The Irish company San Leon Energy and the Moroccan state oil company ONHYM "now intend to apply for a long licence, which may include 3D seismic over the broader structure (including the existing well), and the well may also be re-entered."
The Irish oil company San Leon held its Annual General Meeting on 20 September, where its intention to sign a new licence was mentioned in the 2015 Annual Report. San Leon is operator of two blocks which are located in the north-west and north-east part of the territory or Western Sahara, partially overlapping into Morocco proper.
The two exploration blocks, Tarfaya and Zag, respectively, are highly controversial, as the UN has stated that any further oil exploration in Western Sahara would be in violation of international law if the Saharawis were not consenting and do not benefiting.
Not a single reference to Western Sahara was made in San Leon's annual report. All references to the Zag and Tarfaya blocks give the impression that they are located in Morocco, which they are not. The misrepresentation has been systematic for a number of years to its investors, including probably to those who placed £29 million in the company in 2015, enabling the company to carry out the drilling in Western Sahara.
The company notes in its annual report that further spending on the Tarfaya oil shale licence "has been restricted, pending a recovery in the oil price".
The information about San Leon and ONHYM now seeking a new longer licence for the Tarfaya licence in the occupied territory, sheds light on the disappearance of the Tarfaya block from a recent ONHYM map, dated 24 June 2016, where the block had been removed.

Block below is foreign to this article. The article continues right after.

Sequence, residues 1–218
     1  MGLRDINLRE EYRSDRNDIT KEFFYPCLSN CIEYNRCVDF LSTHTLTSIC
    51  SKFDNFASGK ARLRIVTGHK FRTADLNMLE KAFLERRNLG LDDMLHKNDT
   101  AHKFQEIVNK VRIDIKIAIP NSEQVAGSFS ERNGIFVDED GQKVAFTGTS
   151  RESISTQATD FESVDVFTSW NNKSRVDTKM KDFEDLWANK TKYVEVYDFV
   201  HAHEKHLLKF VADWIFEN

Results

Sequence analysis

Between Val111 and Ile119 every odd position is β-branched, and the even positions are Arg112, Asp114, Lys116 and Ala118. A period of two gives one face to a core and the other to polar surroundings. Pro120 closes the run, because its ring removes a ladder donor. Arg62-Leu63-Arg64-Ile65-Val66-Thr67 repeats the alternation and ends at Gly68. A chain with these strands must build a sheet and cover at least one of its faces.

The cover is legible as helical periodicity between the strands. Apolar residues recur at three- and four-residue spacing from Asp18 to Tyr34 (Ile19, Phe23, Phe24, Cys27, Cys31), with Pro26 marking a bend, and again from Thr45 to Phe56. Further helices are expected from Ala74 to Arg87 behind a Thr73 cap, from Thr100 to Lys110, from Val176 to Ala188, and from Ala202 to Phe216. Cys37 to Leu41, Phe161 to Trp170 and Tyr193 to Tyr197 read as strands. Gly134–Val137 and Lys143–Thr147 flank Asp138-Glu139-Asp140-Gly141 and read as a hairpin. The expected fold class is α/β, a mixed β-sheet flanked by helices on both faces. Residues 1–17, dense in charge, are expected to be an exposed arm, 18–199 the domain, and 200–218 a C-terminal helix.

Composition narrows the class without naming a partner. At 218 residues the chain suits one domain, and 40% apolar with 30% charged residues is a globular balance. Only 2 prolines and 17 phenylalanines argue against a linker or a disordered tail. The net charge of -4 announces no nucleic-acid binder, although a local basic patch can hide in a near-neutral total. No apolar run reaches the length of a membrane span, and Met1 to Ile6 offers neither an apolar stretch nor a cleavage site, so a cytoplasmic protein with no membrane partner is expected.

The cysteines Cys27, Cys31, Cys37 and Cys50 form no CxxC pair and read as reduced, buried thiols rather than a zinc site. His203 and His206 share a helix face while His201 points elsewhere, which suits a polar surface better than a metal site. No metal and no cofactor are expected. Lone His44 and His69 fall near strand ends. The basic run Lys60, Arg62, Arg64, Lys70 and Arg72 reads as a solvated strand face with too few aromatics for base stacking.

San Leon Energy drilled the Laayoune-4 well during late 2015. The company announced it were on the traces of gas, but that it did not encounter what it was looking for. Thousands of Saharawis protested the drilling operation.
Morocco occupies the major part of its neighbouring country, Western Sahara. Entering into business deals with Moroccan companies or authorities in the occupied territories gives an impression of political legitimacy to the occupation. It also gives job opportunities to Moroccan settlers and income to the Moroccan government. Western Sahara Resource Watch demands foreign companies leave Western Sahara until a solution to the conflict is found.
It's not easy keeping up with all the different legal proceedings relating to Western Sahara. For the sake of clarity, here's an overview of the five different cases at the Court of Justice of the European Union.
Leading activists from Western Sahara are condemned to sentences ranging from 20 years to life imprisonment in connection to a mass protest in 2010 denouncing the Saharawi people’s social and economic marginalization in their occupied land; the Gdeim Izik protest camp.
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